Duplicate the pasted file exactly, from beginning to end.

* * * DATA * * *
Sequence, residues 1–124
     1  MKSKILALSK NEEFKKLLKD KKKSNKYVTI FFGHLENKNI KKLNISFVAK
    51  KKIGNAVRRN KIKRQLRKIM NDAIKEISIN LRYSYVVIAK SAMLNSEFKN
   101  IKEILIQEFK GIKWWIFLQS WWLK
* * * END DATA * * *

Sequence, residues 1–124
     1  MKSKILALSK NEEFKKLLKD KKKSNKYVTI FFGHLENKNI KKLNISFVAK
    51  KKIGNAVRRN KIKRQLRKIM NDAIKEISIN LRYSYVVIAK SAMLNSEFKN
   101  IKEILIQEFK GIKWWIFLQS WWLK